Researchers at Case Western Reserve University report in the August 22 issue of Nature how magnesium activates microscopic ion channels in the membrane of a cell. These particular ion channels are important in controlling blood pressure. Scientists, the researchers say, can use this new finding in the quest to understand how magnesium helps to decrease blood pressure and also treat heart failure and stroke.
Calcium activated potassium channels are important microscopic pathways in the cell membrane that relax the smooth muscle in a blood vessel, according to the researchers. They also modify electrical impulses, which travel in nerve cells throughout the brain.
"Research of this kind may help to understand why some therapies such as magnesium supplements are important in the prevention and management of hypertension or heart failure," said Jianmin Cui, the lead researcher and assistant professor in the department of biomedical engineering at CWRU. "Along with some other groups, we have discovered that when magnesium is applied to calcium-activated potassium channels, these channels will open. We know from literature that the opening of these channels can reduce blood pressure."
Marci E. Hersh | EurekAlert!
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University of Maryland researchers contribute to historic detection of gravitational waves and light created by event
On August 17, 2017, at 12:41:04 UTC, scientists made the first direct observation of a merger between two neutron stars--the dense, collapsed cores that remain...
Seven new papers describe the first-ever detection of light from a gravitational wave source. The event, caused by two neutron stars colliding and merging together, was dubbed GW170817 because it sent ripples through space-time that reached Earth on 2017 August 17. Around the world, hundreds of excited astronomers mobilized quickly and were able to observe the event using numerous telescopes, providing a wealth of new data.
Previous detections of gravitational waves have all involved the merger of two black holes, a feat that won the 2017 Nobel Prize in Physics earlier this month....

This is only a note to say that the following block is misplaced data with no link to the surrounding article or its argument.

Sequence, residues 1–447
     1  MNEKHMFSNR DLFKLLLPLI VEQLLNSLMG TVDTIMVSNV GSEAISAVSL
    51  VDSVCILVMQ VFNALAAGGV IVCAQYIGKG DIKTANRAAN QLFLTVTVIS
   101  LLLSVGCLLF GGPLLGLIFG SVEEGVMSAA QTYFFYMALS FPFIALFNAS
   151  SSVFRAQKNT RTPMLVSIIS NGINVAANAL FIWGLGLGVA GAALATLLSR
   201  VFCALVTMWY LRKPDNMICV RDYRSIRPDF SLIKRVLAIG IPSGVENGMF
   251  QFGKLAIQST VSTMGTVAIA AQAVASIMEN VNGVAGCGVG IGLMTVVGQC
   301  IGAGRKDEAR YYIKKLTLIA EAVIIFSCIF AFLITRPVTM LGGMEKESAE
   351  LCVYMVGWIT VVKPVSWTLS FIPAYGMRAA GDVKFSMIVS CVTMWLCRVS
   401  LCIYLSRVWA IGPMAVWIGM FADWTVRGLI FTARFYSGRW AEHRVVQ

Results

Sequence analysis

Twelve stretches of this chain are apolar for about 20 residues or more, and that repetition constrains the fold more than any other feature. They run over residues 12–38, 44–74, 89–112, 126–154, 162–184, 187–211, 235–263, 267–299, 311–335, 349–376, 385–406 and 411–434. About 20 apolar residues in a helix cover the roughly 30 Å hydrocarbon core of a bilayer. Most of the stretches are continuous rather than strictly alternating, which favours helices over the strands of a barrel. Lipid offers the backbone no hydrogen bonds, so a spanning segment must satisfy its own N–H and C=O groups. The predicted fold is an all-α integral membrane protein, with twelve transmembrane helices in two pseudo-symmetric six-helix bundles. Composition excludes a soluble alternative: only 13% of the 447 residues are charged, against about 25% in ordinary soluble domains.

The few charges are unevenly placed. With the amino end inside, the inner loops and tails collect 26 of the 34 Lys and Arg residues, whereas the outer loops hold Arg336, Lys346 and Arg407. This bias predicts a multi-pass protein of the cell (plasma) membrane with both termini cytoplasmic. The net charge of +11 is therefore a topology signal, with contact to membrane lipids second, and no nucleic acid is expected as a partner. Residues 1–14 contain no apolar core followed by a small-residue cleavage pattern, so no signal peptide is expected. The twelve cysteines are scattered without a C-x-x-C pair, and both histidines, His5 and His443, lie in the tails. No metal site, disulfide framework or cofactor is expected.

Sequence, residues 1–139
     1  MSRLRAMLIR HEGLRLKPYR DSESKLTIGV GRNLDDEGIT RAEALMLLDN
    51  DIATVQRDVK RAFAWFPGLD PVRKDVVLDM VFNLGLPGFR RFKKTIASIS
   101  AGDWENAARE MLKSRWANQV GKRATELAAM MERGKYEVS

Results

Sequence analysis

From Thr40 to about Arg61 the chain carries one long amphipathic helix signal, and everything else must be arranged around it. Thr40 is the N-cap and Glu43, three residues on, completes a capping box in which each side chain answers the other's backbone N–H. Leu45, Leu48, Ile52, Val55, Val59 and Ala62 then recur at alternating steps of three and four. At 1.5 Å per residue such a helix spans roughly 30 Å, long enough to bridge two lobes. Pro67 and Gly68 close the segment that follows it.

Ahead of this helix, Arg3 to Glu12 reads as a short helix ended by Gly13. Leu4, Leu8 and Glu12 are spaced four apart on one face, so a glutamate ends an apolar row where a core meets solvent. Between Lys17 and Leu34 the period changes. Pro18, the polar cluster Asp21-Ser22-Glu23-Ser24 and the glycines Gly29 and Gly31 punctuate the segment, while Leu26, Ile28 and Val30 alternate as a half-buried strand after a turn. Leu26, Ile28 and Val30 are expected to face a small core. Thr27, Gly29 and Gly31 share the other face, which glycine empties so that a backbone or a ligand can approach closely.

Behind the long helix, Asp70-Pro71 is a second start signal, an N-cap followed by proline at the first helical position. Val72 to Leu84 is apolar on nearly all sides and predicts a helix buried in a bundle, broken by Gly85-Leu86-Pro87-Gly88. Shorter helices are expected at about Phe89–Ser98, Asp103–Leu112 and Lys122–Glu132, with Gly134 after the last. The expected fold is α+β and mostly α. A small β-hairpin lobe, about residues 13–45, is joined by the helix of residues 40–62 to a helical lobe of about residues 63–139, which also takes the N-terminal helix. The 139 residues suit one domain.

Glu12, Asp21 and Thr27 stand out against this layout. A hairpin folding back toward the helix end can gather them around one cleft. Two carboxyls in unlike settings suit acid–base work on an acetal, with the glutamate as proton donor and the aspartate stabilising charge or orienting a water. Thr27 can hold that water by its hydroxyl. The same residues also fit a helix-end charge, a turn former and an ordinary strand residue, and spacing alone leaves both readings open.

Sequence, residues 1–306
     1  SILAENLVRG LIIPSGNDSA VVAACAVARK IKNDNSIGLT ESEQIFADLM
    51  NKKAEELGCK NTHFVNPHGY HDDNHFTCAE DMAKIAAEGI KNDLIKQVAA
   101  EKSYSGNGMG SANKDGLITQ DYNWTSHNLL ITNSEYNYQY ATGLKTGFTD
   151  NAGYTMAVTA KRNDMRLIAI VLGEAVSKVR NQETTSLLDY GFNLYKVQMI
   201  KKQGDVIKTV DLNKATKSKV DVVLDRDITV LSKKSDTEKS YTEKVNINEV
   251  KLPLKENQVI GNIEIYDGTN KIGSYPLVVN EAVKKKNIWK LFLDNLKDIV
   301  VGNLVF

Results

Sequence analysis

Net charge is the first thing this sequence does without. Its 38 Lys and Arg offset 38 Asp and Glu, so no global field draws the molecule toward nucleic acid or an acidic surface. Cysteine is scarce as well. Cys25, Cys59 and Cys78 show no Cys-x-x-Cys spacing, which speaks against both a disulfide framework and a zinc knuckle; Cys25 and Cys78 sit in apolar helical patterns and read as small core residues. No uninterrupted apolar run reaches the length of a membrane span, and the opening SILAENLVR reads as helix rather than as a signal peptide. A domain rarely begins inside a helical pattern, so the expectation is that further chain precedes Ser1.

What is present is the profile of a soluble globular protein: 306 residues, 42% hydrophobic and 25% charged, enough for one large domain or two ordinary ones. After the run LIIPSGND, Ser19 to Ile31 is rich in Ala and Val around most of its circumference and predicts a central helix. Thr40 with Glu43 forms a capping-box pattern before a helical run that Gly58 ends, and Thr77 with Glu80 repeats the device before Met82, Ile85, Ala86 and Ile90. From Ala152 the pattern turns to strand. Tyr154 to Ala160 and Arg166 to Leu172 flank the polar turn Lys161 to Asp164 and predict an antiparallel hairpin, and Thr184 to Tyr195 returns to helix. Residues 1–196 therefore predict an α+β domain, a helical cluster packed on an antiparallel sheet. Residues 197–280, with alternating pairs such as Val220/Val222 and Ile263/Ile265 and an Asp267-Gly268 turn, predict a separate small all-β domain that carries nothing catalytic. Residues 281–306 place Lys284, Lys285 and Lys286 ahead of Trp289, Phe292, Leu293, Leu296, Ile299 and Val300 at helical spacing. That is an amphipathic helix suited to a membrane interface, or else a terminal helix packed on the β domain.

Material defects in end products can quickly result in failures in many areas of industry, and have a massive impact on the safe use of their products. This is why, in the field of quality assurance, intelligent, nondestructive sensor systems play a key role. They allow testing components and parts in a rapid and cost-efficient manner without destroying the actual product or changing its surface. Experts from the Fraunhofer IZFP in Saarbrücken will be presenting two exhibits at the Blechexpo in Stuttgart from 7–10 November 2017 that allow fast, reliable, and automated characterization of materials and detection of defects (Hall 5, Booth 5306).
When quality testing uses time-consuming destructive test methods, it can result in enormous costs due to damaging or destroying the products. And given that...
Using a new cooling technique MPQ scientists succeed at observing collisions in a dense beam of cold and slow dipolar molecules.
How do chemical reactions proceed at extremely low temperatures? The answer requires the investigation of molecular samples that are cold, dense, and slow at...
Scientists from the Max Planck Institute of Quantum Optics, using high precision laser spectroscopy of atomic hydrogen, confirm the surprisingly small value of the proton radius determined from muonic hydrogen.
It was one of the breakthroughs of the year 2010: Laser spectroscopy of muonic hydrogen resulted in a value for the proton charge radius that was significantly...
17.10.2017 | Event News
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